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There are only two major problems with the iPad with Wi-Fi + 3G’s cellular service. First and most important is the fact that Apple and AT&T have made no provision whatsoever for existing iPhone customers: the iPad’s $15 and $30 fees are being assessed on top of AT&T’s existing “unlimited” data plans and miscellaneous iPhone service charges, making the monthly combined cost of iPad and iPhone cellular service untenably expensive for most people. Whether through tethering—a shared wireless connection, already offered for the iPhone 3G/3GS in many countries outside the United States—or through a low-cost iPad add-on to an existing iPhone contract, these two devices should be able to co-exist on a single service plan at a lower price, and AT&T’s inability to do so is inexcusable.

The second problem is smaller, but not trivial. Despite the fact that AT&T now sells a specific quantity of monthly cellular data service—250MB—alongside a supposedly “unlimited” quantity of data, the iPad with Wi-Fi and 3G still contains some software-level limitations on what you can do with that cellular data. We discuss them in the next section on software differences, below.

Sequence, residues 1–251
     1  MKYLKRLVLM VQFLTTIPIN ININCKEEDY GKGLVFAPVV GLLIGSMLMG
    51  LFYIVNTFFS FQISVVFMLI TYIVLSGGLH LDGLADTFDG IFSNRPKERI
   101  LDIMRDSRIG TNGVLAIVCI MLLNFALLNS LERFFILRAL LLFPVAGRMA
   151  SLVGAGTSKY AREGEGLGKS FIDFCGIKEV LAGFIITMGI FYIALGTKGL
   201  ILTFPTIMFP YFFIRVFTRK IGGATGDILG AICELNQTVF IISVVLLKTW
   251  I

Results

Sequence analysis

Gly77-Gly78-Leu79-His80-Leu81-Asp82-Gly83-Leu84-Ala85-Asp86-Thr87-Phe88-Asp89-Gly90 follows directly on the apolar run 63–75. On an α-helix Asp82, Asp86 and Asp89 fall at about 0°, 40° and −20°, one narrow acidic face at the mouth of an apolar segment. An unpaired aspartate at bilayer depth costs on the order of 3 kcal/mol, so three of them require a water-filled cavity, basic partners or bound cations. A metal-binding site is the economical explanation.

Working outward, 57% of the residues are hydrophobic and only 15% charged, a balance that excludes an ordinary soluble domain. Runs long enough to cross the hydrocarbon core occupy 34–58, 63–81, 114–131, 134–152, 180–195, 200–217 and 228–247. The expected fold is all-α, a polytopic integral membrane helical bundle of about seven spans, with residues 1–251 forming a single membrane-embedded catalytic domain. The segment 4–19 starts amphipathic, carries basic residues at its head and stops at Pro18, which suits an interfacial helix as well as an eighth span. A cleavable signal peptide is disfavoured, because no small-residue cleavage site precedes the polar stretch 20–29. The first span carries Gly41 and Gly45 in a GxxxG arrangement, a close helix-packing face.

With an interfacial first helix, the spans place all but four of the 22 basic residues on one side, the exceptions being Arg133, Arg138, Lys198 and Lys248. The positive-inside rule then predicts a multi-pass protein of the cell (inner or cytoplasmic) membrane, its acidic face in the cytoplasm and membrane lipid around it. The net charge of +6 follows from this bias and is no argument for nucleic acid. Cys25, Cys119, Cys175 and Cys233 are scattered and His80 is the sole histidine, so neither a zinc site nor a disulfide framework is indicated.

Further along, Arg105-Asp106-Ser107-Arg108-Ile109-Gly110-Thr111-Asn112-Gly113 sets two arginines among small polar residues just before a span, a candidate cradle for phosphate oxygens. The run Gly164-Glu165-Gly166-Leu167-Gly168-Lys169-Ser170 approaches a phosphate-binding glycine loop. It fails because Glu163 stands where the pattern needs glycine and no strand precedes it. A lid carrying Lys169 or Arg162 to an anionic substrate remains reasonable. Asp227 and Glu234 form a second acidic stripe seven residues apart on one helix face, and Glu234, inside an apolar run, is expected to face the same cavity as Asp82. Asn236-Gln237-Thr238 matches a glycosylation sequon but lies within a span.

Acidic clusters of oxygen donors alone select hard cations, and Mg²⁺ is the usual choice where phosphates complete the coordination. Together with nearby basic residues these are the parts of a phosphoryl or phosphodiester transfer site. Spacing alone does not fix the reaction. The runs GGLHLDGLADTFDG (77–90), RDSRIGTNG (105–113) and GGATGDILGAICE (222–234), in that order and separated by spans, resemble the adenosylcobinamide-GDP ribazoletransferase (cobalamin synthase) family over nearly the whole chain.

Software Differences

Surprising those who had guessed that the iPad with Wi-Fi + 3G might ship with an updated version of Apple’s iPhone OS system software, the device arrives with version 3.2 pre-installed, and only a handful of obvious software differences from the Wi-Fi version—most are buried in the iPad’s Settings menus. Most apparent is the replacement of the prior “iPad” name in the upper left corner of the screen with a cellular wireless strength bar, a carrier name, and a signal type indicator, which in the United States will start by showing up to five bars, the AT&T name, and 3G. Should other carriers offer iPad service, the name will change; the 3G logo can be replaced by E (EDGE) and dot (GPRS) logos in the event you fall outside of 3G service areas.

More changes can be found in the 3G iPad’s Settings options. At the top is Airplane Mode, which disables all of the iPad with Wi-Fi + 3G’s wireless antennas using a simple on-off button, and has no secondary menu.